Teacher Recruitment and Retention: Importance and Strategies

October 11, 2021
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In this article, we will outline what is meant by teacher retention, explain its importance, and begin to discuss the factors contributing to teacher turnover – alongside strategies for improving retention in education.

38.8% of teachers who entered the profession in 2009 are now not working in the sector, the highest rate since 1997. The number of teachers leaving the profession has been increasing since 2012, with exit rates being more severe in shortage subjects, such as maths, sciences, and languages.

Declines in teacher retention over time mean that more new teachers are required to replace them, yet early career teachers (ECTs) also have very low retention rates. In 2019, just 67% of ECTs remained in the profession five years after they joined, down from 72% in 2010. Therefore, the government is focusing its retention strategy on boosting financial packages to incentivise and support ECTs. These include higher starting salaries of £30,000 for new teachers from September 2022, and incentives of £2,000 per year for new teachers in shortage subjects.

Overall pupil numbers are expected to decrease slightly by 2026, which could potentially ease pressure on primary teacher recruitment. However, despite the government’s attractive financial incentives for ECTs, it is expected that teacher retention pressures are likely to continue for secondary and non-mainstream schools.

What is Teacher Retention?

Teacher retention relates to the goal of keeping staff in the workplace, and reducing employee turnover.

Teachers are much more likely to exit during their first few years of teaching. One in five new teachers leave the profession after their first two years, while four in ten leave after five years. A large number of those leaving the profession go into non-teaching roles.

Due to this high turnover, the government’s aim is to keep more teachers in the classroom, and attract more people to the profession.

Why is Teacher Retention Important?

There is no other profession as important to the fate of the next generation than teaching. Receiving a good education improves children’s life chances – their wellbeing, social skills, future employability, and financial independence. High turnover rates create a constant state of flux in children’s lives, which in turn impacts academic progress and achievement. It also makes it significantly more challenging for schools to implement key policy changes.

We know that education is a pathway out of poverty. 30% of children in the UK are officially poor, so receiving the best possible teaching and learning experience is vital if we are to reduce the poverty divide and achieve improved equality across society. The effects of high-quality teaching are especially significant for pupils from disadvantaged backgrounds. Research by the Sutton Trust outlines that for poor pupils, the difference between a good teacher and a bad teacher is a whole year’s learning. Positive teacher-pupil relations can also reduce exclusions, and enhance effective retention and reintegration strategies for disaffected students.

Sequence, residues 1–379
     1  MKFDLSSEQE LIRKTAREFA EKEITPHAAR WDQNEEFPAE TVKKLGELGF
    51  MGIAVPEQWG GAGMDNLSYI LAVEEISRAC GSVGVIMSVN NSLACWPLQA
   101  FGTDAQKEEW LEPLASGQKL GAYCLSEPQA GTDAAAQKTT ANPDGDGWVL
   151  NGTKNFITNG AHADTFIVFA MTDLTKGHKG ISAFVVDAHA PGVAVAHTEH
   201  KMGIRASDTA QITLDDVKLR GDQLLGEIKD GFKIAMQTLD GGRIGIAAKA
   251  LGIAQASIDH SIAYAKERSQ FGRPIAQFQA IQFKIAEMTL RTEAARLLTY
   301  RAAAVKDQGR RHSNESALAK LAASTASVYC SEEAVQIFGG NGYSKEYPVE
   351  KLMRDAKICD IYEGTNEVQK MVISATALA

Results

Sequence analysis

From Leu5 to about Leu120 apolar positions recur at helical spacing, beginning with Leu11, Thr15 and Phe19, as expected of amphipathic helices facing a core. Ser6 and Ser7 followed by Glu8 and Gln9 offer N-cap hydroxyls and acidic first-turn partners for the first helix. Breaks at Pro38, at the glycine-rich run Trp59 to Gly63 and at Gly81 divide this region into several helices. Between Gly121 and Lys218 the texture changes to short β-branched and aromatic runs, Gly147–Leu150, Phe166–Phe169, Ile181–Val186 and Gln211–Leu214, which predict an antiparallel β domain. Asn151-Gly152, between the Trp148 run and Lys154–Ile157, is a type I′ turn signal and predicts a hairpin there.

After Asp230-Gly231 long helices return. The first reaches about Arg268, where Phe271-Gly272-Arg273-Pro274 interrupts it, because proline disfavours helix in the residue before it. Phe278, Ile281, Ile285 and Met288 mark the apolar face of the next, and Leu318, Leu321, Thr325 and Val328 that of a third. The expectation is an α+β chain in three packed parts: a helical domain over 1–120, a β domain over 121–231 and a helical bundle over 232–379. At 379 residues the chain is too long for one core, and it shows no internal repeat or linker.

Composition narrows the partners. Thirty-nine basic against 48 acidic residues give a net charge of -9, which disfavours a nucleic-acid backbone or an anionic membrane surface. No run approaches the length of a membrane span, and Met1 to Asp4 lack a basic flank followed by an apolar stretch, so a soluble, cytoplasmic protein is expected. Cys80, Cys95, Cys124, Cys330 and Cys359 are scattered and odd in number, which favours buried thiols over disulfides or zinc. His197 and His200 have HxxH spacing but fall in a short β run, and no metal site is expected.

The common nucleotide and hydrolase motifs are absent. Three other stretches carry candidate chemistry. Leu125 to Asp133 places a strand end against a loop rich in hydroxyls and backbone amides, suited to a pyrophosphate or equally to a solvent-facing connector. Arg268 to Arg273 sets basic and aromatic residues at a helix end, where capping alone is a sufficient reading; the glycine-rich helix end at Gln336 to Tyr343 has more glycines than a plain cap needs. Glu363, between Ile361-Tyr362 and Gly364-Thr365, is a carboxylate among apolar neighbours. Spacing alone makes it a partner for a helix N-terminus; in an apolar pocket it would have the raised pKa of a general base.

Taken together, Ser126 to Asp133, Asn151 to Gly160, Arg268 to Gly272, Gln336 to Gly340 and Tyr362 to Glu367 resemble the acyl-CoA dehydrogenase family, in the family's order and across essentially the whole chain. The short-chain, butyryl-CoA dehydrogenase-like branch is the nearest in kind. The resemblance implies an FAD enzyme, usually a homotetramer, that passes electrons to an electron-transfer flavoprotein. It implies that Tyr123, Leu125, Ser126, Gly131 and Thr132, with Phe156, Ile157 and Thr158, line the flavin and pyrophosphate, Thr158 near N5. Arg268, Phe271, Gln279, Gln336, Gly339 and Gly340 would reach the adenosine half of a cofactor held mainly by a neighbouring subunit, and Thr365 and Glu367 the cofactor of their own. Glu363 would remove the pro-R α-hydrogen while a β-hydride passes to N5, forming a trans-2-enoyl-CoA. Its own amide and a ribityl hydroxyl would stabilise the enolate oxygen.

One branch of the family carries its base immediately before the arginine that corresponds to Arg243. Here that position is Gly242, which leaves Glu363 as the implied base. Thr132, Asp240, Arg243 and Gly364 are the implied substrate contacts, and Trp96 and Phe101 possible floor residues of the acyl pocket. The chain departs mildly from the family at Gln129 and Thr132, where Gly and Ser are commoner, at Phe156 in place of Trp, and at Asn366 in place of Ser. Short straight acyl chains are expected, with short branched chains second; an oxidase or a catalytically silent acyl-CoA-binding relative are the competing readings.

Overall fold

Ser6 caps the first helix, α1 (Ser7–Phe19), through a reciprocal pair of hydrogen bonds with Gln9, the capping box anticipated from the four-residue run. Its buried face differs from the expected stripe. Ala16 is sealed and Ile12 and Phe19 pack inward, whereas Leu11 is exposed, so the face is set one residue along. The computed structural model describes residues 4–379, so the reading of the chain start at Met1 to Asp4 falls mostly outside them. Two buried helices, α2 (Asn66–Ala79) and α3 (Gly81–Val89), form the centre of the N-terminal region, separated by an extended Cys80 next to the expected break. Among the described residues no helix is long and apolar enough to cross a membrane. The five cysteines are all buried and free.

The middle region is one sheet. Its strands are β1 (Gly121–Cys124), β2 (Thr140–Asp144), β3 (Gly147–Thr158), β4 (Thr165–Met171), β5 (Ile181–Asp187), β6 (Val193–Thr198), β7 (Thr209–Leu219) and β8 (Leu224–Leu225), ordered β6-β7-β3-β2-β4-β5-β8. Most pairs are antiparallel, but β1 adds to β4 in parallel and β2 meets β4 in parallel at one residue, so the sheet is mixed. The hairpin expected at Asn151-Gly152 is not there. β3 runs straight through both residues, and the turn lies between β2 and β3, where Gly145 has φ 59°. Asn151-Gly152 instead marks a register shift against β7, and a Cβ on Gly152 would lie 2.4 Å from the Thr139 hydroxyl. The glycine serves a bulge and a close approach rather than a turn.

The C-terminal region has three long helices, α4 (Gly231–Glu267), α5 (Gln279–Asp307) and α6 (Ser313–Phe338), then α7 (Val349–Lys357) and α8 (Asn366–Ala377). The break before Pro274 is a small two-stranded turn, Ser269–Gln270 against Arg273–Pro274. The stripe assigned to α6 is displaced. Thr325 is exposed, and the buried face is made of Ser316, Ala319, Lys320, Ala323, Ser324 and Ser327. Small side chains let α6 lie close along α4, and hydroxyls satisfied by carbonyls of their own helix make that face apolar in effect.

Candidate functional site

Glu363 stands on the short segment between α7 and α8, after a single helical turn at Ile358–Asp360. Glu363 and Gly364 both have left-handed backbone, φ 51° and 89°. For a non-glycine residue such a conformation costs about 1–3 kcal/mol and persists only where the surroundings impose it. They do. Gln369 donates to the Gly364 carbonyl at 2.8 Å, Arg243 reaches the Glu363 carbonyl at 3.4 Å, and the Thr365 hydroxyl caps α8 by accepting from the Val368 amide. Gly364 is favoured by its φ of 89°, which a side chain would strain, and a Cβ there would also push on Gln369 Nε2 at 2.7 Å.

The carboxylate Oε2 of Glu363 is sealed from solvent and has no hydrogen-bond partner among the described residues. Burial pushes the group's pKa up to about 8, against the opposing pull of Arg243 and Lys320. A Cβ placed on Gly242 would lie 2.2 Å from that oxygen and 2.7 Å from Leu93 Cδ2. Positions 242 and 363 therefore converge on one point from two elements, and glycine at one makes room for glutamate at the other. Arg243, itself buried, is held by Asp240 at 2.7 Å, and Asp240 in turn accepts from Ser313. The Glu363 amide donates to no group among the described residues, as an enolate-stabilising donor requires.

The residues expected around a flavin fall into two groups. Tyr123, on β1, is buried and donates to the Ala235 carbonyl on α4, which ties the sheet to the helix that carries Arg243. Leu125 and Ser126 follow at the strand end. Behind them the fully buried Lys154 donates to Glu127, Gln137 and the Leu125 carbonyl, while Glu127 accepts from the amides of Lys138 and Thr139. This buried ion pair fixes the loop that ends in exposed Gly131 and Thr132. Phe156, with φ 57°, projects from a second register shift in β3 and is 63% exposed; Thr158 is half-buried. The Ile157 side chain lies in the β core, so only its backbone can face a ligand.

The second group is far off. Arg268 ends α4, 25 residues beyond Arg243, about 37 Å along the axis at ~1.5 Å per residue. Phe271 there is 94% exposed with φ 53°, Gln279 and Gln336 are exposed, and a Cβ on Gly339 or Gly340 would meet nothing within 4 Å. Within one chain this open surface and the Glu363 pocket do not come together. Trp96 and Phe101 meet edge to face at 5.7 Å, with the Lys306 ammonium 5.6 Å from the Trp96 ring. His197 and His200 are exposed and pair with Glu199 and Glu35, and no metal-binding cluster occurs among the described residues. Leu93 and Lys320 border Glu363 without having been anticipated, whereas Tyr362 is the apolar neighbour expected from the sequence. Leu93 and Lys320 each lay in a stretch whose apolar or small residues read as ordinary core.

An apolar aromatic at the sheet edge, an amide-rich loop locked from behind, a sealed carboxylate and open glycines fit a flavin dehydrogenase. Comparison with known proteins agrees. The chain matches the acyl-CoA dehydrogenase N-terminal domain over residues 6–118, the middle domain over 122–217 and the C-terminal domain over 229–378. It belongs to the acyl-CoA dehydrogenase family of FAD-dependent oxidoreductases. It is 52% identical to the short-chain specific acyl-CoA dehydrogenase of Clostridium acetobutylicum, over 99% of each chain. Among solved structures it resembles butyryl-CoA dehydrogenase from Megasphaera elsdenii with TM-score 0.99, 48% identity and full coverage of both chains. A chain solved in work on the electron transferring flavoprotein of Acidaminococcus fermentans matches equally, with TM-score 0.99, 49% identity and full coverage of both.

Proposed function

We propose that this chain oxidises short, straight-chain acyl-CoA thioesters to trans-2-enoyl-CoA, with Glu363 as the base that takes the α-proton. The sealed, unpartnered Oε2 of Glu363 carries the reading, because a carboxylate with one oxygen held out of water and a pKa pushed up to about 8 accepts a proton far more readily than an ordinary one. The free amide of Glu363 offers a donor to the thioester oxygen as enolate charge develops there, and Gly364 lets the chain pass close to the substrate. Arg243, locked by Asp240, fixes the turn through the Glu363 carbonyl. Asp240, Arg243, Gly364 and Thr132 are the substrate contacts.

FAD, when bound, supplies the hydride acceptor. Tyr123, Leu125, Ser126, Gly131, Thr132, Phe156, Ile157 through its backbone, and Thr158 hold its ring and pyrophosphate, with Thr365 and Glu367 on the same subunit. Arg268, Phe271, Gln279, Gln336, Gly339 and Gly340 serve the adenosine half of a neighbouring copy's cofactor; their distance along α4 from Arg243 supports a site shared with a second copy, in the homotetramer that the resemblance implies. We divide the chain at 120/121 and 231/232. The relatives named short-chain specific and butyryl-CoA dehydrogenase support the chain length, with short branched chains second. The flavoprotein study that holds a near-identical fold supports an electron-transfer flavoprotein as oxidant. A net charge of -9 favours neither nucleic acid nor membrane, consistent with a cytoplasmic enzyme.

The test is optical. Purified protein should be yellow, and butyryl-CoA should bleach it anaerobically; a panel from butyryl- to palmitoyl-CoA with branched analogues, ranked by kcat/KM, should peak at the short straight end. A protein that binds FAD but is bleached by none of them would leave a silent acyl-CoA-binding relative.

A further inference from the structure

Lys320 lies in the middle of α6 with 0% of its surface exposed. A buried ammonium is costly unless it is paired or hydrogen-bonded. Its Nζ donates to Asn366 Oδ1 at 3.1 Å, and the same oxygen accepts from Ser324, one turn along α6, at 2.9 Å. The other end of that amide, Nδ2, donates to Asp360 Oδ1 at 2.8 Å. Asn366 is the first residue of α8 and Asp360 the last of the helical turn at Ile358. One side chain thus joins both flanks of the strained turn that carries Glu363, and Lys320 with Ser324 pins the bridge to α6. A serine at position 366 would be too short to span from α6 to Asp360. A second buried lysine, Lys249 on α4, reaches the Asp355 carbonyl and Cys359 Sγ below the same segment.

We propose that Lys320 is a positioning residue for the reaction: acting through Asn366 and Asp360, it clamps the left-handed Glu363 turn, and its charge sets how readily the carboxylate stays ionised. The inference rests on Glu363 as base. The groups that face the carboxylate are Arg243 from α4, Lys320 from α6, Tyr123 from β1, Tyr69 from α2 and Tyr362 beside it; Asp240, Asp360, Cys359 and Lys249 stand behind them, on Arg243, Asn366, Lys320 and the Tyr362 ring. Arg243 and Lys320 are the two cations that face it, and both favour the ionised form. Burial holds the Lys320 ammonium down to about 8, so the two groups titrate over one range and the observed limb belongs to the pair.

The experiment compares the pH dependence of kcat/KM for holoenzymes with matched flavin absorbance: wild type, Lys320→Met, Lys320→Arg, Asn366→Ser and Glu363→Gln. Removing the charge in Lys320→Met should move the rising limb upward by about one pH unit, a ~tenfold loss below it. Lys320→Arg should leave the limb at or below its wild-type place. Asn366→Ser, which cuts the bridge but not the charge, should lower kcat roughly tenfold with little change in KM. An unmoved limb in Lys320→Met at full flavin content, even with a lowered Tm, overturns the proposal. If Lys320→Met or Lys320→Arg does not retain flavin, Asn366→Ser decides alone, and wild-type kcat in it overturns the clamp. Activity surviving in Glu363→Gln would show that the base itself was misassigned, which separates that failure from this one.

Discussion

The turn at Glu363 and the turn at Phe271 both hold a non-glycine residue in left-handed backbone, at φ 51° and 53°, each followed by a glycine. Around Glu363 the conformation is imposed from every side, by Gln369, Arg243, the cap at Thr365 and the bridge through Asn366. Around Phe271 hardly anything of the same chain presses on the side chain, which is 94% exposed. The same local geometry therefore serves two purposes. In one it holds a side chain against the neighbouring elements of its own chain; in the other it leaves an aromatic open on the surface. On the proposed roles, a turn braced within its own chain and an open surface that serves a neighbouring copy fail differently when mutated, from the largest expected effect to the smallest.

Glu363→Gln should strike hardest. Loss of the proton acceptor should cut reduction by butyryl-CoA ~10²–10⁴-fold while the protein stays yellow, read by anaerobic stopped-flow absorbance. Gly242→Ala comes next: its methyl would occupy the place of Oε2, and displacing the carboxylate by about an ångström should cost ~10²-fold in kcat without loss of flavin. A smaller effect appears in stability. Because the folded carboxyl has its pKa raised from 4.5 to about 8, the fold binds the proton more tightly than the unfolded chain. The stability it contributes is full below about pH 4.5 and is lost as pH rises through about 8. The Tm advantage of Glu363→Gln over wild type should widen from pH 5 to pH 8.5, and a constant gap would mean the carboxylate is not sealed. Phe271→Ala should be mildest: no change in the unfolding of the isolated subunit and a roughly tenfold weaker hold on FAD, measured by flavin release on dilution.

‘There are no great schools without great teachers. The key to education is the person at the front of the classroom. At a time when there are more pupils in our schools than ever before, we need to be attracting and keeping great people in teaching.’

Department for Education’s Teacher Recruitment and Retention Strategy

Factors Affecting Teacher Retention

According to the UK’s Health and Safety Executive, teaching staff and education professionals report the highest rates of work-related stress, depression, and anxiety in Britain. Satisfaction levels amongst teachers also remain lower than that of the general public.

In a research report on teacher wellbeing, Ofsted uncovered that despite the positive feelings towards teaching as a vocation, many teachers believe that the ‘advantages of their profession do not outweigh the disadvantages, and that teaching is undervalued in society.’

Those surveyed cited heavy workload pressures as a key challenge. Burdensome administrative tasks, staff shortages, policy changes, and increased marking and planning load all contributed towards many participants’ poor work-life balance. They also cited perceived low pay as a reason for job dissatisfaction. Teachers are currently paid less than most other professional occupations, with pay being even more uncompetitive for those with degrees in maths and physics. Low-level disruption, verbal abuse, and intimidation from students are also factors highlighted in the report as having a negative impact on teacher wellbeing.

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Teacher Recruitment and Retention Strategies

1. Improve Teacher Autonomy

‘Autonomy plays a significant role in teachers’ motivation. Giving teachers greater influence over how they do their job has the potential to increase job satisfaction, which in turn is important in tackling teacher retention. At a time when the school system cannot afford to lose valuable teachers, improving autonomy, workload, satisfaction and retention could help address the teacher supply challenge.’

Jack Worth, Lead Economist, NFER

A teacher retention report backed by the DfE found that almost half of primary and almost one quarter of secondary teachers did not feel they were being trusted to do their job. They stated that levels of scrutiny into lessons and teaching styles were too high, and found classroom observations ‘intrusive, unconstructive, and feedback could be demoralising.’ Furthermore, most primary and some secondary teachers surveyed experienced a lack of support from their senior leadership team, on issues such as workload, and pupil behaviour.